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Crackdown on timber smuggling drains NDFB
Published on 17 May. 2010 11:57 PM IST
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The crackdown on timber smugglers in Assam’s Sonitpur district for the past few months has forced the National Democratic Front of Boroland to turn more and more to abductions to prevent its coffers from running dry.
The latest to fall victim to the outfit is V.S. Bardekar, a senior Indian Forest Service official who was abducted from Daimara village under Bhalukpong police station of Arunachal Pradesh’s West Kameng district on Wednesday. Bardekar who was posted in Pune as joint director (administration), directorate of social forestry, Maharashtra, had gone to the village to photograph butterflies, a subject said to be close to his heart, when he was taken away by a group of armed rebels from the house where he was to spend the night. The NDFB has owned up to the abduction but said it had “arrested” Bardekar.
Sonitpur police sources said the NDFB — by a conservative estimate — was making about Rs 50,000 everyday by way of “tax” from timber smugglers, but that has now come to a stop.
“They (NDFB) used to collect Rs 50 for each bicycle loaded with timber collected from the forests in the areas bordering Arunachal Pradesh and at least a thousand bicycles were used daily for this purpose,” a police official said.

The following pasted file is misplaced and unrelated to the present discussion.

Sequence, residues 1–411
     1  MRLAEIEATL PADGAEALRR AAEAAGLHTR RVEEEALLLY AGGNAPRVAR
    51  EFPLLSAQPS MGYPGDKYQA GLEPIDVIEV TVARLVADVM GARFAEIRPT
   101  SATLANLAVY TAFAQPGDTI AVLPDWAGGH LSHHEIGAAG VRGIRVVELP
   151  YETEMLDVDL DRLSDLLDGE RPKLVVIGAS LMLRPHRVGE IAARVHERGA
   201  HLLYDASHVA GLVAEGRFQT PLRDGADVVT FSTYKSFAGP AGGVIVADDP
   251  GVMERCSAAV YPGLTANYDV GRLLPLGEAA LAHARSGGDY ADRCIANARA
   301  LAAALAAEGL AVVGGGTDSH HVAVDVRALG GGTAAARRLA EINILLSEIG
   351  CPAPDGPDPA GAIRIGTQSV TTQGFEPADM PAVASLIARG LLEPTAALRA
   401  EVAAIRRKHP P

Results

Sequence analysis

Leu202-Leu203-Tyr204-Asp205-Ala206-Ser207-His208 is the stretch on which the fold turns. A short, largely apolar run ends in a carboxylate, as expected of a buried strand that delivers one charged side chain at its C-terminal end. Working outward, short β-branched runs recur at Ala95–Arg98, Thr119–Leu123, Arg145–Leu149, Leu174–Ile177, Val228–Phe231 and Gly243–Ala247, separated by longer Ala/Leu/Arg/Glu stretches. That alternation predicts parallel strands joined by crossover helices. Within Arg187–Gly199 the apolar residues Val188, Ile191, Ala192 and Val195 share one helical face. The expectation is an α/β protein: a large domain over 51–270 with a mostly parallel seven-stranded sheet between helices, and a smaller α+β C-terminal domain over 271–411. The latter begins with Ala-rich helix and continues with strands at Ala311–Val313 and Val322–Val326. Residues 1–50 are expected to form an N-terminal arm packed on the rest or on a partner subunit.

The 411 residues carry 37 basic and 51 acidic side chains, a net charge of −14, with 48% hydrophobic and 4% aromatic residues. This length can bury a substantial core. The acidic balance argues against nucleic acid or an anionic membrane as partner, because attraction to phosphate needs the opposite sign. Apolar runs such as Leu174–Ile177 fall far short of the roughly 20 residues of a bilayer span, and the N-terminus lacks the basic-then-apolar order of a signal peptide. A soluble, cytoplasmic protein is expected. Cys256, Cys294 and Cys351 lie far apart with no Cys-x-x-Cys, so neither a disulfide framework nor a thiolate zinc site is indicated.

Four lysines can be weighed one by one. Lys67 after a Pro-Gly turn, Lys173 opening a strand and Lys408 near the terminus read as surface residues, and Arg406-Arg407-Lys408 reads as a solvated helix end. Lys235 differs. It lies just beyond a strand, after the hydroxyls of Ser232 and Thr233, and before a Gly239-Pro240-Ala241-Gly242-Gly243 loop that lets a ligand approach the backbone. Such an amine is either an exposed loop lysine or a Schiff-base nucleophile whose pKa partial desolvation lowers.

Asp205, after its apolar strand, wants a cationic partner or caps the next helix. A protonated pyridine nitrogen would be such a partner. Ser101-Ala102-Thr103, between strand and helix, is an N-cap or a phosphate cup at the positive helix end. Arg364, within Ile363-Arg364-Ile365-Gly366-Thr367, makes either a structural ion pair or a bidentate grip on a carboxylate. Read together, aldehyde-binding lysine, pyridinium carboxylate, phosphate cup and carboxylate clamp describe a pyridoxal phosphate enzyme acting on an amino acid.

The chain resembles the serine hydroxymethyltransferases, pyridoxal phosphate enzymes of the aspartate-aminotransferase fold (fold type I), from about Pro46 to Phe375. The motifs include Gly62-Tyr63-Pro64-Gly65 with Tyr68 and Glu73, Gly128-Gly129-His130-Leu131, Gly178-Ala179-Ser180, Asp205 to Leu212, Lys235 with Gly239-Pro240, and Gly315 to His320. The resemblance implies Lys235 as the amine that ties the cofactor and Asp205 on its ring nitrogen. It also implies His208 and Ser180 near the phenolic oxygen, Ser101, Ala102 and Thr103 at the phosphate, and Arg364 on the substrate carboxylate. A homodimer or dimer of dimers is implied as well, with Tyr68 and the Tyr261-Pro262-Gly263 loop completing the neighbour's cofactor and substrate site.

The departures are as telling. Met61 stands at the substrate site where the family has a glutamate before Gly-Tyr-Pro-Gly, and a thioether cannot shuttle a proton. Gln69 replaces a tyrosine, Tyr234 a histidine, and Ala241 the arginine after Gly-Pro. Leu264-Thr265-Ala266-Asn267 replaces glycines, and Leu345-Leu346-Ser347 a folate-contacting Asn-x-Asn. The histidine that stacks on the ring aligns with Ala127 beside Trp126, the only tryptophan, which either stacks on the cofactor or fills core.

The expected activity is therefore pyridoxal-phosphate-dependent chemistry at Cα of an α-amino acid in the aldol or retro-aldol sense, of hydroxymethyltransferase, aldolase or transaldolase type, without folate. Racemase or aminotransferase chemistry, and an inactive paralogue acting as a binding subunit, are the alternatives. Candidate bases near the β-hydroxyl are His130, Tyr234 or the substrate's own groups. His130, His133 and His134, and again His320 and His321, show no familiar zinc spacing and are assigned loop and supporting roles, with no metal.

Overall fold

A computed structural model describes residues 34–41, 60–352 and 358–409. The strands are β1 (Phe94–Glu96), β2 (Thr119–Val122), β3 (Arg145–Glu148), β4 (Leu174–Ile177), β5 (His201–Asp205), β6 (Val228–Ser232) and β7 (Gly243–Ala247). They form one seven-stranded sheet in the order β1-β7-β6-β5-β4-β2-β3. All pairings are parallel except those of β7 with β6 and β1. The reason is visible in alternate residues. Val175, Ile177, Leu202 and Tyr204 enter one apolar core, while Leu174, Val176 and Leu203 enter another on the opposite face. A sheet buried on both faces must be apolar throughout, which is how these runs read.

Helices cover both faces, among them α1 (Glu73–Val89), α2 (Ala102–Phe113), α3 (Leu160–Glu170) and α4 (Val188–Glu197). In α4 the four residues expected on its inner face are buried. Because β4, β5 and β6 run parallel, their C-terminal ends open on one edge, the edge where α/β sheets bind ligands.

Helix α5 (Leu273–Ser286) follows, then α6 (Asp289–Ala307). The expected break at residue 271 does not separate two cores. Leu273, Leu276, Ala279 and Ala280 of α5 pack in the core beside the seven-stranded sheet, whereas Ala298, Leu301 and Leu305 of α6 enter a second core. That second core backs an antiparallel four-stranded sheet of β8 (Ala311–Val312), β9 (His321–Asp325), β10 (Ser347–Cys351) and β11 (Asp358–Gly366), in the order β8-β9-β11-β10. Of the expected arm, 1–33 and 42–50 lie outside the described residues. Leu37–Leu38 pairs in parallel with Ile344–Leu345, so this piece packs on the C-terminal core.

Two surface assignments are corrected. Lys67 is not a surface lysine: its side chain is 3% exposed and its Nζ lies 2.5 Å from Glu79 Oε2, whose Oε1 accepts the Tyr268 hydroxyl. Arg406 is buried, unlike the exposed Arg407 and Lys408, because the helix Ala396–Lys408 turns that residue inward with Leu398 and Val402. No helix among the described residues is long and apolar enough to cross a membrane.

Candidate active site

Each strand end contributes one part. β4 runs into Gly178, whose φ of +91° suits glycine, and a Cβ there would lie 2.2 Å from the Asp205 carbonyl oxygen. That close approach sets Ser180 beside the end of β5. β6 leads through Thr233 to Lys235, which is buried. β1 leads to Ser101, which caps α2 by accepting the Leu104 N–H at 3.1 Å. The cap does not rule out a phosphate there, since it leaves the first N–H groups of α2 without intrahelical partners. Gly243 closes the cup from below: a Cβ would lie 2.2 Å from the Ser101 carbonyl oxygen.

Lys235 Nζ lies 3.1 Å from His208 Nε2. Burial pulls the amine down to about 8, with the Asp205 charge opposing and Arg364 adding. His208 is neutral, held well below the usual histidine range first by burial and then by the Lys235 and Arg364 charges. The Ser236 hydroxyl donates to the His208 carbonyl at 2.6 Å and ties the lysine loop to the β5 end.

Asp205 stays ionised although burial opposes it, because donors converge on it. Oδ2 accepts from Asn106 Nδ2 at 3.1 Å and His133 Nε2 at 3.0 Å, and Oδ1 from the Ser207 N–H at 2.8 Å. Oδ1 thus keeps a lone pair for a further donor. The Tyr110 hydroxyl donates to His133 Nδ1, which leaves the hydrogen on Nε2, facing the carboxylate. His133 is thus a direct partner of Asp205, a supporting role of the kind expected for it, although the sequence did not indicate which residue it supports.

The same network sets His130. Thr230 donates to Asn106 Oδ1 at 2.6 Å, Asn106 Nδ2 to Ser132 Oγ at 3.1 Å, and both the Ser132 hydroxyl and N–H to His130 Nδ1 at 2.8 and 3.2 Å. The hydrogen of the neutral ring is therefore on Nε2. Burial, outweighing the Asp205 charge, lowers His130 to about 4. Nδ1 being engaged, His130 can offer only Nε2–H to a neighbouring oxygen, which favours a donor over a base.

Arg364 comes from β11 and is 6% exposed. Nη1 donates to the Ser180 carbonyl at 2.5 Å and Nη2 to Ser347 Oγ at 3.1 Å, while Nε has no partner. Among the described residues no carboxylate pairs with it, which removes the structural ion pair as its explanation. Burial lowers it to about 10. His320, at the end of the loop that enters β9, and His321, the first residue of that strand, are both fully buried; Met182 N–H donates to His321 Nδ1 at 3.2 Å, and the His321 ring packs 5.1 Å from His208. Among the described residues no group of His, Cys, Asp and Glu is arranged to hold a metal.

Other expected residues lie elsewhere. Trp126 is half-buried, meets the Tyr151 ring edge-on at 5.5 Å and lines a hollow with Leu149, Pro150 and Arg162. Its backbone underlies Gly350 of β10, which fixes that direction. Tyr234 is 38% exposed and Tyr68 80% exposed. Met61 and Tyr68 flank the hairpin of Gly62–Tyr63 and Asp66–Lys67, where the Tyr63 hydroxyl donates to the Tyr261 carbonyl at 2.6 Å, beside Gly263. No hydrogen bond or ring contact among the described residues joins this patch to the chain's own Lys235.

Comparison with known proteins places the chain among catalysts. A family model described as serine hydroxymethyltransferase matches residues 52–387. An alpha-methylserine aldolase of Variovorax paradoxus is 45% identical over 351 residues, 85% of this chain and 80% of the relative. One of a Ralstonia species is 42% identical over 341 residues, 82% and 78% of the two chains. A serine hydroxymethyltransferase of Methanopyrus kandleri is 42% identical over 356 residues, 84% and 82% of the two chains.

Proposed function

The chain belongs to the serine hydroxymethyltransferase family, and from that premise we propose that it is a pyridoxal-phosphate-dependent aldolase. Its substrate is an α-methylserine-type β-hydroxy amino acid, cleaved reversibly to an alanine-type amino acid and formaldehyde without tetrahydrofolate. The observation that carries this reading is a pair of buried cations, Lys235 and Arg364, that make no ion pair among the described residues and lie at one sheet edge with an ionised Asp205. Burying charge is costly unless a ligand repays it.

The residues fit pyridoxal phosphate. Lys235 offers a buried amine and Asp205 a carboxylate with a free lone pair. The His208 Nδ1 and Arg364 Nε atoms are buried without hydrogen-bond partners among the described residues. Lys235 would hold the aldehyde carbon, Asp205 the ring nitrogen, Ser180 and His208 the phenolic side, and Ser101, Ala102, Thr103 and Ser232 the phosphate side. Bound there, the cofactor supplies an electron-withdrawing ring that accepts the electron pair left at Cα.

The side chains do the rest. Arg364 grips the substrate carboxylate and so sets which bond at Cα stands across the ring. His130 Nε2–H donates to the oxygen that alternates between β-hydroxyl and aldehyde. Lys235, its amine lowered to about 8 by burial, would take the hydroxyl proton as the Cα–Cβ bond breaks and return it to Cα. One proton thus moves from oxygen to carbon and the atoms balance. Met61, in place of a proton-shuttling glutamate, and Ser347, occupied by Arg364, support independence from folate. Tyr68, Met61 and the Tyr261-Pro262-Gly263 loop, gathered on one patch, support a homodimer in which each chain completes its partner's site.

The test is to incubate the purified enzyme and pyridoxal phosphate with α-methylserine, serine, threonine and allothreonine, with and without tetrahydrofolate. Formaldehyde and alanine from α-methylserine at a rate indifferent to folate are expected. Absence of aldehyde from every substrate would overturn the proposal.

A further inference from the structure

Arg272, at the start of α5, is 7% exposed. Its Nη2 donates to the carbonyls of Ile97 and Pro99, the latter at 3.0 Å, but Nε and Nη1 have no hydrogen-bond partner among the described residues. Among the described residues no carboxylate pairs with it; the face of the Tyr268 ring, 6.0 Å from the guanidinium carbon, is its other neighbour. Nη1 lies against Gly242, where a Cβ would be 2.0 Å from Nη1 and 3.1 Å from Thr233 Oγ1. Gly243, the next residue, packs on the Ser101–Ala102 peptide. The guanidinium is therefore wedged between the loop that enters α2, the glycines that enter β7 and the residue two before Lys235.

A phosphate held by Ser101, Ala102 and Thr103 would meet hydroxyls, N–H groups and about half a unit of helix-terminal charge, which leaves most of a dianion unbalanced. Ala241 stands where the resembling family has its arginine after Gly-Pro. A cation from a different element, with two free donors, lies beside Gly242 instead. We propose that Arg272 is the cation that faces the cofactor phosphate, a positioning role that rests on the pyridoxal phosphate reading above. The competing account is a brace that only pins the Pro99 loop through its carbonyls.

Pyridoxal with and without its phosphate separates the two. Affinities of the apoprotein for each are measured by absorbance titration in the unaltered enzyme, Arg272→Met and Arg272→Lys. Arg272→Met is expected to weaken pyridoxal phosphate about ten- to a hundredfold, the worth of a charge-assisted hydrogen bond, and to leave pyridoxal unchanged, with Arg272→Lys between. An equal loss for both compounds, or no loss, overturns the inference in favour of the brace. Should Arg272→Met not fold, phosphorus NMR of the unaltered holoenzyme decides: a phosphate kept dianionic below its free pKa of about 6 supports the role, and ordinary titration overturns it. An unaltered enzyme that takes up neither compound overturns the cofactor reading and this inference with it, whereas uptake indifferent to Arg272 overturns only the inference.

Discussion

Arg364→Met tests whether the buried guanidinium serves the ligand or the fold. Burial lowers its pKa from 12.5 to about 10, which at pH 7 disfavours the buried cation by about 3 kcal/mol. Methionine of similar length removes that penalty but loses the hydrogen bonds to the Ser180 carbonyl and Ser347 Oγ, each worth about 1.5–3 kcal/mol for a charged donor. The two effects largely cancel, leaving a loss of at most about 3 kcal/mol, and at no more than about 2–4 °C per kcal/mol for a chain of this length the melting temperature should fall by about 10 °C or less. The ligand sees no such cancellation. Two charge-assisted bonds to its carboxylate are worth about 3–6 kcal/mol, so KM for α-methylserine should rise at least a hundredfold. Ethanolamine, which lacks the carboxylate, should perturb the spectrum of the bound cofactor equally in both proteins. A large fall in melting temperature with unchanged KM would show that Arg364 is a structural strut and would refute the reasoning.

Sonitpur district shares a 230km border with Arunachal Pradesh. According to the official, each cycle could haul in about 30 cubic feet of timber slung on either of its sides. The smugglers would then hand over timber to those who dealt in it to be sent to several parts of the state for various uses, including construction.
“We went after them hard, seized and destroyed many cycles and now the smuggling has virtually stopped and with it the NDFB’s earnings from the activity,” he said. “So of late, they have turned to abduction and extortion to compensate for the loss of revenue from timber smuggling,” the official said. He said two persons from the district, including an 11-year-old boy, were still believed to be in NDFB’s captivity.
The official said the outfit needed a huge amount of money to keep it going. “There are camps to run, weapons to be purchased and the cadres to be paid to keep them happy so that they do not desert ranks,” he said. According to sources interrogating Ranjan Daimary, he used to receive nearly Rs 6 to Rs 7 lakh every month from Assam half of which was spent on running a camp at Khagracherri in Bangladesh and another in Myanmar. The rest he would use for his family’s upkeep.
Arunachal Pradesh police sources said operations were on to trace the abducted official. “We have some leads and working on those,” a source said. “Such operations have to be handled with utmost care because the life of the captive is at stake... we have to exercise restraint,” he said, while expressing hope that the operation would be successful.

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